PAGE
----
The Return of The King
Goddess of crossroads, gates, the moon, the restless dead, magic and witchcraft
Sometimes depicted with three faces, and sometimes with one, the role of Hecate in myth has evolved over the ages. Many different mythologies have called her the midwife of Zeus (replacing the infant god with a stone to fool the titan Kronos, who swallowed the stone whole thinking he had destroyed the child prophesied to destroy him), a contemporary of Zeus (as the daughter of the titans Perses and Asteria (the sister of Leto), or even the daughter of Zeus. Indeed, though the depiction of Hecate as three-in-one (with its clear association with the Moirae) is thought to have been made as late as the 5th century, Hecate’s exact place in the pantheon has always been uncertain. indeed, many of her roles (goddess of fertility, of travel (crossroads) and death) seem to be within the domain of other Greek gods and goddesses.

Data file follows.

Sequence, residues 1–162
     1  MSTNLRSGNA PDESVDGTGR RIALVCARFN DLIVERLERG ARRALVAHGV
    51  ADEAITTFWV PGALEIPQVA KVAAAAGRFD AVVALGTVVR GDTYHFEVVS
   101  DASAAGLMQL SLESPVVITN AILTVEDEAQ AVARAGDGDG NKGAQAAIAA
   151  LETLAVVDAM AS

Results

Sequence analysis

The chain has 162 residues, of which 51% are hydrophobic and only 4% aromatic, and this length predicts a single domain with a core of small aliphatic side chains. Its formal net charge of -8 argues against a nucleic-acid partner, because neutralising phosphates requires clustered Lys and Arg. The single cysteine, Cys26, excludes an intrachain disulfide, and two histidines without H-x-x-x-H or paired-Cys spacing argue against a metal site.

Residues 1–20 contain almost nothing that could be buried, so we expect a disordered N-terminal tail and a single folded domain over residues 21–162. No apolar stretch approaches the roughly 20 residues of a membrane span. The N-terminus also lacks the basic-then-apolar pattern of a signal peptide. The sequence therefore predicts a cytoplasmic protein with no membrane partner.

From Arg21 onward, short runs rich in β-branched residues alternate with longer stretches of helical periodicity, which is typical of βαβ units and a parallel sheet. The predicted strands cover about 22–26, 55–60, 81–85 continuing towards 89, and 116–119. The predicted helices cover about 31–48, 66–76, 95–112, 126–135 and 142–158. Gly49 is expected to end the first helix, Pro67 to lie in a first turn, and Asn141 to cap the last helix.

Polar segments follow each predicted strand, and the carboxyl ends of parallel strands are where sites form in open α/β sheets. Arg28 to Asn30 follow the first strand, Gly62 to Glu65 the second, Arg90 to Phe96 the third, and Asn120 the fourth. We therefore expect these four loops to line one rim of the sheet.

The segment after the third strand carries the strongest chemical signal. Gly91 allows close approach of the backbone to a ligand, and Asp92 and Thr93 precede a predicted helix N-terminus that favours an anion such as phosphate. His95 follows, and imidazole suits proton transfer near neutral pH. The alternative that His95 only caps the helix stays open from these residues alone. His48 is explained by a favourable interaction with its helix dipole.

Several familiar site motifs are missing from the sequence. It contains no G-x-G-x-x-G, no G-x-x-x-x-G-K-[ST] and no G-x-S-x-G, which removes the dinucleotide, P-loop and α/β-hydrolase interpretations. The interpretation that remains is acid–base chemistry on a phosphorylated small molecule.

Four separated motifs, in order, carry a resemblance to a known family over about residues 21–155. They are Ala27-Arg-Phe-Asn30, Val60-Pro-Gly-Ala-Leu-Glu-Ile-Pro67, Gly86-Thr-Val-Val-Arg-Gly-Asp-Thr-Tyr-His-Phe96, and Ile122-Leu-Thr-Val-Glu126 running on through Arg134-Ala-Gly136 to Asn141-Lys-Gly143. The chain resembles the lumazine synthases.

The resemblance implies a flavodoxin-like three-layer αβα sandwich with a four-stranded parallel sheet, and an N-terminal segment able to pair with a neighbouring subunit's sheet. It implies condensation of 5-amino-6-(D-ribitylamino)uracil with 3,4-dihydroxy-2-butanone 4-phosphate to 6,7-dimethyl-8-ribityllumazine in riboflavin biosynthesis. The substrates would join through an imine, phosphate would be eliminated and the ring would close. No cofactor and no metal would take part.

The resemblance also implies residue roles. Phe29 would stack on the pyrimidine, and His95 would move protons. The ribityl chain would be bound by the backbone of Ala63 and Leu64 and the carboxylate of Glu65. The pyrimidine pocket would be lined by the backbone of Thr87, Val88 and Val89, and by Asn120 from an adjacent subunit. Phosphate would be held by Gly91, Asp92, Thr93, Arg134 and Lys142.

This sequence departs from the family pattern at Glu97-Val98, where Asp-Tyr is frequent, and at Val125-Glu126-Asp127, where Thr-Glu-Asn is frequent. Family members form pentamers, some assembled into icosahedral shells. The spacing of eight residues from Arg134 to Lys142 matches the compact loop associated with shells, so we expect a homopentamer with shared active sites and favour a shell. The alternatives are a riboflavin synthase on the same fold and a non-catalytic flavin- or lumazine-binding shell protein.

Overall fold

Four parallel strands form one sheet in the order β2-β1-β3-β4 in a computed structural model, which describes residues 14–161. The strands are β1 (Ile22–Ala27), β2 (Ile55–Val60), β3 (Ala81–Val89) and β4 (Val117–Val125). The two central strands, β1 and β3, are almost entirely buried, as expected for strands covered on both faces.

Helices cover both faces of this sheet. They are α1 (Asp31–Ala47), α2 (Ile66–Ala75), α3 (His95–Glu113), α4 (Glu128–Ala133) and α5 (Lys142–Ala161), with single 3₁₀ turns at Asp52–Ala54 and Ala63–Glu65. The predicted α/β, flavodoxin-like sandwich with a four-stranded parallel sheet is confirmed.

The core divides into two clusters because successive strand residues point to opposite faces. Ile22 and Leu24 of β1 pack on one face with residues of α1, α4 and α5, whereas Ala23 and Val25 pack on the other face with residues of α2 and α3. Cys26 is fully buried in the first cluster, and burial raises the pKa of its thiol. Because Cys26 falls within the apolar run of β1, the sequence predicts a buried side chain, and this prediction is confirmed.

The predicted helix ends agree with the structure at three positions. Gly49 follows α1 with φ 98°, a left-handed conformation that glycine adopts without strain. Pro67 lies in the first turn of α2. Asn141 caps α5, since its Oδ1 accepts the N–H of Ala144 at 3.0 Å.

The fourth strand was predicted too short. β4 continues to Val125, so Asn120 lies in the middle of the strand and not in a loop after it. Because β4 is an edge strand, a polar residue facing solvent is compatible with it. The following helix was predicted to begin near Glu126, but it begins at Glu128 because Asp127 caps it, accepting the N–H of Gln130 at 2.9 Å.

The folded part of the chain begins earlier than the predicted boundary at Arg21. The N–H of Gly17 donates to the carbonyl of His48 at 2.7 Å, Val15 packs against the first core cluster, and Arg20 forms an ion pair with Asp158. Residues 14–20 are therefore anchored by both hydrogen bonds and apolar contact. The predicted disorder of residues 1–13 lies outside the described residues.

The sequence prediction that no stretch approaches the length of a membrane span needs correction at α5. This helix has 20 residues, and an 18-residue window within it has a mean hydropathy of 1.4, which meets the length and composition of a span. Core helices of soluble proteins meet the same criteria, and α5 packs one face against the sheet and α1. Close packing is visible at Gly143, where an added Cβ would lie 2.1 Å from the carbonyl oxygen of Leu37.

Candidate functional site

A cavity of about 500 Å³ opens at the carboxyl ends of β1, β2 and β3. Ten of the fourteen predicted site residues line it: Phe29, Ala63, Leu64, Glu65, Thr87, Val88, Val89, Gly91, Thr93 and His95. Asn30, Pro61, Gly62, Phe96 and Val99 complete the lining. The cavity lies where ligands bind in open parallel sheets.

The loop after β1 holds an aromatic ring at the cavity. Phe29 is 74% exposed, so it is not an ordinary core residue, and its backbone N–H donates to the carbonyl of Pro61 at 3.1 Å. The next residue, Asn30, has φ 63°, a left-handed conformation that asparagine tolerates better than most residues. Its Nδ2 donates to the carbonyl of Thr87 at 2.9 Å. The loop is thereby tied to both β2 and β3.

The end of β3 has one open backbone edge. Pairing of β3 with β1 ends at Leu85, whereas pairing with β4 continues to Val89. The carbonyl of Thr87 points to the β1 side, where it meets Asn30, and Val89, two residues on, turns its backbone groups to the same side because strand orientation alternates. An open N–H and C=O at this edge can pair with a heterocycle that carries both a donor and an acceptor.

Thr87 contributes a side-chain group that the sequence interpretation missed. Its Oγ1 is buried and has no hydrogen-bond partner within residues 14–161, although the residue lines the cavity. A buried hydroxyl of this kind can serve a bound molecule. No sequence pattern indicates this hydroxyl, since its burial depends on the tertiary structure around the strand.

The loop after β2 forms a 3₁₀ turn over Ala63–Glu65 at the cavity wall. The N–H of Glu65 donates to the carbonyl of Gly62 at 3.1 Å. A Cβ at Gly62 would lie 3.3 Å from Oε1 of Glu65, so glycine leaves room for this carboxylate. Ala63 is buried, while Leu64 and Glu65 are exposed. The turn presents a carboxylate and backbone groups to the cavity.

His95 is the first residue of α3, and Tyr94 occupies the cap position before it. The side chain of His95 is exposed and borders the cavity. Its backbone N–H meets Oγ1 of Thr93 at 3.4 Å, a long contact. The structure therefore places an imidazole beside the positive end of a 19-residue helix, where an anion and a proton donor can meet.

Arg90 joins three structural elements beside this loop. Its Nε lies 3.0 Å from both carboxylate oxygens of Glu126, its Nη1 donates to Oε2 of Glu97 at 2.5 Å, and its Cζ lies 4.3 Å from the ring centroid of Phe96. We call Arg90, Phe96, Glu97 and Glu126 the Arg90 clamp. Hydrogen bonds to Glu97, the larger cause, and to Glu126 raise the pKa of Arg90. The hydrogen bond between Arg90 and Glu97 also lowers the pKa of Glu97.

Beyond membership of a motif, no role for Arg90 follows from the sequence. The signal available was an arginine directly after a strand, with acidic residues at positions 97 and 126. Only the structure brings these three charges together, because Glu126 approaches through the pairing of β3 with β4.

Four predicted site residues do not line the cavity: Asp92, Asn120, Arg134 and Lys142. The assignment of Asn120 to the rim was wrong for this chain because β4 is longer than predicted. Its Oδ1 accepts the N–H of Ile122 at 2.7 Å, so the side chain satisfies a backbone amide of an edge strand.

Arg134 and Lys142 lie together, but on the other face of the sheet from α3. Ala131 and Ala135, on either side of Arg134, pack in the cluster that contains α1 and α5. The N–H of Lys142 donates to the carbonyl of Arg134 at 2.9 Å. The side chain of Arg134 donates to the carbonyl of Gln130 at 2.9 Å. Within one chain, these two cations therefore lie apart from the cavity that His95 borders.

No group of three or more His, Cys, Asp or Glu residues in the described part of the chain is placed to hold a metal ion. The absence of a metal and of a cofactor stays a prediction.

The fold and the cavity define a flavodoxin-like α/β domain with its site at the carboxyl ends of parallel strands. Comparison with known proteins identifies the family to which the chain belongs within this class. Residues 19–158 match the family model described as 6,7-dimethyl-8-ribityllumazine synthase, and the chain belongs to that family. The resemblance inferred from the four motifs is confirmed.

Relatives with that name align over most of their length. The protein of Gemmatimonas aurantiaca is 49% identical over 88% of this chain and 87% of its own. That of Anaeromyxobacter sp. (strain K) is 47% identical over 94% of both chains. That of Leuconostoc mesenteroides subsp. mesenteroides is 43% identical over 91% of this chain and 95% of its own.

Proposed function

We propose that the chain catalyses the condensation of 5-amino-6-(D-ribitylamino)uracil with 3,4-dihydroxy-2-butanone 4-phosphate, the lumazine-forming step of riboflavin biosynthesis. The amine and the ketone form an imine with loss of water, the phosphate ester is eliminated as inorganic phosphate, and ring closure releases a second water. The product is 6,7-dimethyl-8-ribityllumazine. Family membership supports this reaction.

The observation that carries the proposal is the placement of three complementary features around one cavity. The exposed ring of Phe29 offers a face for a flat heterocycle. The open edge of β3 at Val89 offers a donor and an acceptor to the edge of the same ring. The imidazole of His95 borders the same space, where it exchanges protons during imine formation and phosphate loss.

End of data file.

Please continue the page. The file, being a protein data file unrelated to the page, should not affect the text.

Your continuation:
When she manifests in the mortal world Hecate plays these different roles. Some have described her as a malicious crone, in keeping with her depiction in Shakespeare’s Macbeth. Others have seen her as a fecund mother, late into pregnancy and with a warm and welcoming smile. others have encountered her as a pretty teenage girl, with braided red hair and a voracious sexual appetite.
Hecate’s Scions tend to carry a lot of the strangeness of their mother, and often seem to their contemporaries to be far more aware of the workings of Fate than most. They tend to gravitate towards roles with an air of enigma and ritual – priests and priestesses, occultists, theoretical scientists and academics. Hecate, however, is a distant parent, and though she has many children rarely visits them herself. Indeed, many of her children never realise that Hecate is their parent, and often end up being sponsored by other gods and goddesses, especially Artemis in the case of women.